2.8 Primitive Types

A primitive type is for instance what an i32 is. Using Rust you don’t only have the ability to make use of one primitive type, but rather a whole list of them.

Whilst reading through these paragraphs, it’s highly suggested you open the Rust documentation to view all of its primitive Types.

Numeric types

These include the signed integers, an i followed by the number of bits the type can store; the unsigned integers, a u followed by the number of bits the type can store; the floats, an f followed by the number of bits the type can store—as well as isize and usize.

Signed integers

Signed integers make use of their data to store both positive and negative numbers—meaning that half of its storage capacity is used for its negative side, whilst the rest is used for its positive.

Unsigned integers

Unsigned integers have no negative side, which means that it has a maximum of twice as high as signed integers. Since it can’t be negative, it’s technically the same size as a signed integer, only it can count twice as high, but nowhere near as low—considering it can’t access negative numbers at all.

Floating-point numbers

Floats—or floating-point numbers—are usually used in calculations that needs be somewhat fast. They have a precision that is not as good as that of the other numeric types. They correspond to the industry standard IEEE-754 single and double precision numbers.

Fixed-size types

Both the floats, signed- and unsigned integers are fixed-size types. This means they have a predetermined maximum size. Integers start off with an i, followed by an 8, 16, 32 or 64. The same goes for unsigned integers, although they start off with a u. Floats only have two sizes: 32 and 64—appended onto an f.

Variable-size types

Variable-size types, isize and usize have a size dependent on the machine architecture, but are always of sufficient size to be set to the size of any collection.

Booleans

Booleans can either be true or false, which in theory means it only needs to occupy one bit (1 or 0) in order to be stored in memory, as it only has two different possible states.

let x = false;

Because of Rust’s type inference there’s no need for us to actually specify that this variable binding is of the boolean type, the compiler can figure out that on its own. You may, however, specify its type should you for some reason feel like it.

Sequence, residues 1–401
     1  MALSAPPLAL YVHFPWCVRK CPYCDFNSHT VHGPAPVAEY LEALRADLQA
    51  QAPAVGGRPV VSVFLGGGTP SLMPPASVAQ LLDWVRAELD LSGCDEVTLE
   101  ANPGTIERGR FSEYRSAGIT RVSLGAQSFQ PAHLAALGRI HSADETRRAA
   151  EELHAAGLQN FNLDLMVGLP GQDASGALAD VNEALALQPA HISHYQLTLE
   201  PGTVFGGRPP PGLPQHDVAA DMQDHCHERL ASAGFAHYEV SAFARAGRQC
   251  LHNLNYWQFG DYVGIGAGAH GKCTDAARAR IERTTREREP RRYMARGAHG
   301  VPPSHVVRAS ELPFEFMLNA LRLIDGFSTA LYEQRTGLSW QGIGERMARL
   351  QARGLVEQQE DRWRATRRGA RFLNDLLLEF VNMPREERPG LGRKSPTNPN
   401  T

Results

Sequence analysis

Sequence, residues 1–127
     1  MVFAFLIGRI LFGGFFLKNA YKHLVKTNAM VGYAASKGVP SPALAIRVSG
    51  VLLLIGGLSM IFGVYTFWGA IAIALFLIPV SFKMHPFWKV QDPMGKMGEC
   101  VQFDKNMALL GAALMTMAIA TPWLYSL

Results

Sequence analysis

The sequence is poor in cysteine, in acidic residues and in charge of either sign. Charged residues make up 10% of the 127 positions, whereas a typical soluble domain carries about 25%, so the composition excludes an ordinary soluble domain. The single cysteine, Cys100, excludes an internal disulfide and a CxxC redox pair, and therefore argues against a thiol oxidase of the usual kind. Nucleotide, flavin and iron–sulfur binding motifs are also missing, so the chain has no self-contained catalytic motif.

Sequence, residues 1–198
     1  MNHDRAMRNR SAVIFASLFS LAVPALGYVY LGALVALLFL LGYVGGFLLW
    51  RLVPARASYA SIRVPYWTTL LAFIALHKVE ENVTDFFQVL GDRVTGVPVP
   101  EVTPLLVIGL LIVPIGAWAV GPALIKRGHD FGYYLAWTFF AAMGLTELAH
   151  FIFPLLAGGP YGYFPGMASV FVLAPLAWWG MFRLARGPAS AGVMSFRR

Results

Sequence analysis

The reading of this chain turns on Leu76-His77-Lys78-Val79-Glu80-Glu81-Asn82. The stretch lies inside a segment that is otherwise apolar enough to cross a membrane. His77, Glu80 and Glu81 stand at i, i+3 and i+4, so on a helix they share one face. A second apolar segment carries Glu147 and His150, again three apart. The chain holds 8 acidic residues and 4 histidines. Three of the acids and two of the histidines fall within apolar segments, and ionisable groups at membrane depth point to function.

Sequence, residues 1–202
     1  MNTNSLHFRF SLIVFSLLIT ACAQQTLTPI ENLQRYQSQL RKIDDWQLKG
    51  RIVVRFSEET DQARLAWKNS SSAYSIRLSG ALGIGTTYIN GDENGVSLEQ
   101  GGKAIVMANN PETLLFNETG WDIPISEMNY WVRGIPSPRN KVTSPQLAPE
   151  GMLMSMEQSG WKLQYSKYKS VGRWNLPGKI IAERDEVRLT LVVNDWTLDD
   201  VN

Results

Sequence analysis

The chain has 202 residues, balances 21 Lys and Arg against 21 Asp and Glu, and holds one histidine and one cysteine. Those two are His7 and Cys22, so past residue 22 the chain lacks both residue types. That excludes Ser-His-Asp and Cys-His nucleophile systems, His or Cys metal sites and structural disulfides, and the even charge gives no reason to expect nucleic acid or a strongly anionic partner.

let x: bool = true;

Rust will—like once before—thank you for being so extremely clear in what it is you want!

As you can see, the way you write the type of boolean in Rust, is using the keyword bool.

Chars

The char in Rust represents a single character, which unlike some languages that use one byte to store their characters, always require four bytes of storage. Every Rust character is encoded as one Unicode scalar value. A char is written using single ticks ':

let c = 'o';

Since we have four bytes of storage, we have access to the whole Unicode table. This means that we can create characters like this:

let c = 'আ';

Depending on the capabilities of your console, you may or not be able to print and view a character such as this. Other than that, printing characters to the console works the exact same way as printing any variable out:

let c = 'আ';

println!("Hello, {}!", c);

If we’re lucky, the output upon compiling and executing will be this:

String type

There’s a string type in Rust called str. This is Rust’s most primitive string type, and is by no means useful on its own. In order for it to be reasonably useful, we need to prepend str with an &, making it a reference &str—references are covered in the section Borrowing. This type of string is usually referred to as a ‘string slice’.

We can create string slices in our code using ":

let greetings = "Hello, world!"; // greetings is of type ‘&str’

println!("{}", greetings);

Both this type of string and a different higher-level string are discussed in the section on /rust/strings. Something to notice regarding string slices is that they always are of valid UTF-8—meaning they sometimes may require multiple chars to make up one letter or symbol.

Arrays

Arrays are representations for a sequence of things—a storage for multiple values, or elements, held together inside a structure.